Do you really know what is in your colorful, processed foods that you buy from the store? The next time you grab a box of your sugary treats for you child, take a look at the label to see if it contains any artificial dyes. These dyes may make the food look great, but it’s not helping your child if she or he has attention deficit hyperactivity disorder.
According to the Center for Science in Public Interest, some food dyes may increase hyperactivity among children. However, there is no strong evidence of this connection between food dye and hyperactivity. Because of this, the Food and Drug Administration decided to conduct a meeting to discuss this possible connection and could potentially strengthen the regulations dealing with these colorful ingredients. The meetings started on March 30.
Amanda Gardner, from Health.com, says in her article, FDA Weighs Food Dyes, Hyperactivity Link, that the debate over these potential effects have been going on since the 1970s. The FDA is finally taking action because of the CSPI that asked the FDA to ban eight various food dyes. However, it is difficult to tie this disorder with a specific food dye because many foods contain more than one.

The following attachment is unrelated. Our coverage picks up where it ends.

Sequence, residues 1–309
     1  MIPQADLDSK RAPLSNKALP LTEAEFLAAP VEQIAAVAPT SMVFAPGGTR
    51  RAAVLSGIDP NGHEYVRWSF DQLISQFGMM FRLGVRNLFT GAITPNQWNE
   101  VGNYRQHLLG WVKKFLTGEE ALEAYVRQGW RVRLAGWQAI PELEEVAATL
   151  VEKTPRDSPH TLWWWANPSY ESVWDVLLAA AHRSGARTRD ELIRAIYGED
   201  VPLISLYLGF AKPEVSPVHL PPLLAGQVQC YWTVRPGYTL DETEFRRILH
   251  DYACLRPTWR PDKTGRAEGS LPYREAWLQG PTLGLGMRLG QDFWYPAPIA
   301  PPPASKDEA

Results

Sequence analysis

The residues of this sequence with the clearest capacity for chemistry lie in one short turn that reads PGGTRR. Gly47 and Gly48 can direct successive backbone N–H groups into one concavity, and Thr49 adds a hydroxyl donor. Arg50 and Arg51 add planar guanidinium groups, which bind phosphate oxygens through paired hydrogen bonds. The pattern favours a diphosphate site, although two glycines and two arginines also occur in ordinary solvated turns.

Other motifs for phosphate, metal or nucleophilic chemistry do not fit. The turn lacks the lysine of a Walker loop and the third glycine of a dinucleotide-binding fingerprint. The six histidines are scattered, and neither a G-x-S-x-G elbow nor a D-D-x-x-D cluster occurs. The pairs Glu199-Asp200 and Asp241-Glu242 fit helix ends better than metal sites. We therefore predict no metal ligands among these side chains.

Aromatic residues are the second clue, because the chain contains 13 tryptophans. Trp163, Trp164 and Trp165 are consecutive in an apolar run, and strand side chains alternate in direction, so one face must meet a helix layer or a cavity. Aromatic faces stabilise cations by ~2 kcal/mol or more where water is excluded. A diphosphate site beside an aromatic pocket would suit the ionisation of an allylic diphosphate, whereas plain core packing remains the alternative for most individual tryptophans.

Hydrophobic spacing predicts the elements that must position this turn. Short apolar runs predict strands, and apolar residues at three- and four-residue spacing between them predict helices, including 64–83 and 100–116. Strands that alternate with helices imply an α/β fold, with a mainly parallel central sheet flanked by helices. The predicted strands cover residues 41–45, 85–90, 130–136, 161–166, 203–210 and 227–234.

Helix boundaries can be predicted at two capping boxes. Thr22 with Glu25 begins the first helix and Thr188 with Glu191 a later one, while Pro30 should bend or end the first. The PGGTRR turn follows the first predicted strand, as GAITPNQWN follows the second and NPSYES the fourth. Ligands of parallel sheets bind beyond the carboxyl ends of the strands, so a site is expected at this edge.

Here is a list of food dyes to look out for in your child’s processed foods:
• Blue No. 1
• Blue No. 2
• Green No. 3
• Orange B
• Red No. 3
• Sodium benzoate
• Red No. 4
• Yellow No. 5
• Yellow No. 6
For a more detailed list of which foods contain these dyes, check out Health.com.
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